The New York Times’ work How Y’all, Youse and You Guys Talk, or, because of its sheer ubiquity, simply the “dialect quiz,” became a cultural touchstone nearly immediately after its launch in 2013. The work is both deceptively simple and technologically complex. After you answer a series of questions about the words you use, the interactive graphic returns a map that, more often than not, pinpoints where you live or grew up. The map makes a few guesses at individual cities and then radiates a heatmap out of the region it associates most with the language you use.
The map shows the multifaceted nature of American culture and identity through the use of language — organic regions that don’t neatly fit within state lines. What started as a personal side project of Josh Katz as an extension of his graduate school research was used by tens of millions of visitors over the span of a few weeks after publication, at times receiving so much traffic that the project’s server became overwhelmed. The project quickly became what was at the time the most-viewed piece of content in New York Times history. For its ability to tell you a story about yourself while also drawing a limitless set of maps of cultural geography that, nearly a decade after publication, still delights new readers today, How Y’all, Youse and You Guys Talk wins a Peabody.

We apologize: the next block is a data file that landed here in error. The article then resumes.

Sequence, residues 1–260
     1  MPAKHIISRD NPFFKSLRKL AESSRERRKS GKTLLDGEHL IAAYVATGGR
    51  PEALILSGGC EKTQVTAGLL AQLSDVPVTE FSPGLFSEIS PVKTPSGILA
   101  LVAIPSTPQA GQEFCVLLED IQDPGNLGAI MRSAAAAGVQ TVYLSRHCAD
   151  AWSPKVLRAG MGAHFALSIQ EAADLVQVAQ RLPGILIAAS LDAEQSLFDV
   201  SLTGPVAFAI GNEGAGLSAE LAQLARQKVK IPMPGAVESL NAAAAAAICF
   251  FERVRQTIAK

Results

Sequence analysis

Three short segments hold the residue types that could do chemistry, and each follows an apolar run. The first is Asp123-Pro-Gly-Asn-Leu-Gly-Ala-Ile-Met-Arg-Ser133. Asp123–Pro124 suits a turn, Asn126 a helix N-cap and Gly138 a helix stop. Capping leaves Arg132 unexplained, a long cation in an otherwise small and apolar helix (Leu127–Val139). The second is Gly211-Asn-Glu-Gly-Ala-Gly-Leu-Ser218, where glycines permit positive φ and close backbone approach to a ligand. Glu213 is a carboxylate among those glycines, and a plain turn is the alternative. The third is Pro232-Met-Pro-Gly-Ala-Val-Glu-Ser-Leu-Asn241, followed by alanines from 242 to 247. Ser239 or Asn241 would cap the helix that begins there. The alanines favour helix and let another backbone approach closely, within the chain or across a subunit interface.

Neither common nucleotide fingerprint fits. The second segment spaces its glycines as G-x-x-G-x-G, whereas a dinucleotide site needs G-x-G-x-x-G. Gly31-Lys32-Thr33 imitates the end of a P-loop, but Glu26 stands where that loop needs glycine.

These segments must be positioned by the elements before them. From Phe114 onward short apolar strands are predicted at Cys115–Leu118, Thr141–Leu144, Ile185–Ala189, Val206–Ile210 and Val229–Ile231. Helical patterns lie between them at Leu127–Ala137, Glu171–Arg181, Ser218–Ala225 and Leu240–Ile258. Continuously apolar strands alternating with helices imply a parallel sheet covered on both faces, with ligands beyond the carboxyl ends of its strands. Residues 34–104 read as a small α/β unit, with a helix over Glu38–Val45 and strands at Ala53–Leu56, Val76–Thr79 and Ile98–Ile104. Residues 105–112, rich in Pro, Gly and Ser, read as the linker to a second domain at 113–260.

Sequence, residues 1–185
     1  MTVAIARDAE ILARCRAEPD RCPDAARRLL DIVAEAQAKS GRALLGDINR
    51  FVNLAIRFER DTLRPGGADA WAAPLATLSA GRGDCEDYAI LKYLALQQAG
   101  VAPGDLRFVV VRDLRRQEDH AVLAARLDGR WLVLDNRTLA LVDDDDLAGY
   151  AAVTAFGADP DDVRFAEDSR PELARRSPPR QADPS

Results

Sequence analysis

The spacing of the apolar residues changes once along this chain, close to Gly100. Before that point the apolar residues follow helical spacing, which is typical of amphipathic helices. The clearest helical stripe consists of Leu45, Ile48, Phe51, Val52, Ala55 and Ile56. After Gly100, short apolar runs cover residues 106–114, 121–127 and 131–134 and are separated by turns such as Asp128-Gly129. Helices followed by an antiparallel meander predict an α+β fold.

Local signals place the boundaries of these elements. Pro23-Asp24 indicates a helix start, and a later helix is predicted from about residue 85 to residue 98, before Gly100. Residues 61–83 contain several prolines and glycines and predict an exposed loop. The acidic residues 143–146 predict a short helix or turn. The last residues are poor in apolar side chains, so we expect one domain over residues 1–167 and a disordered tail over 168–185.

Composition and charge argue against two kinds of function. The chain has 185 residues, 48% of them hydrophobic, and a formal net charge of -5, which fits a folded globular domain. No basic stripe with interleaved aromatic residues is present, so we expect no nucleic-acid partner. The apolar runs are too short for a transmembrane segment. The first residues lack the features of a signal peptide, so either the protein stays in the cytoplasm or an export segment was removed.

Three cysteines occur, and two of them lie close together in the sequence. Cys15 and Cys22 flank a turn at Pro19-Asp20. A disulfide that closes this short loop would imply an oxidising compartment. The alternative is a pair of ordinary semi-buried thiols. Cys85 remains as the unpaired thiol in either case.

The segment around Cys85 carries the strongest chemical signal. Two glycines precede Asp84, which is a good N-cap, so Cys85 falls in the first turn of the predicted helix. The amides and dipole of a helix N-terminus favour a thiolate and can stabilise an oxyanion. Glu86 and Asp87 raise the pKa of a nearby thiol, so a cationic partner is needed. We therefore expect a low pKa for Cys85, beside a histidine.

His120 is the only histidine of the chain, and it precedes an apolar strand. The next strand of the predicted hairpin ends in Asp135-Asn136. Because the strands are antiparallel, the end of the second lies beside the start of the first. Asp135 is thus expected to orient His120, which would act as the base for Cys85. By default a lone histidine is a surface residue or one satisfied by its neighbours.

Legacy Interactive Journalism
Josh Katz, Wilson Andrews
The New York Times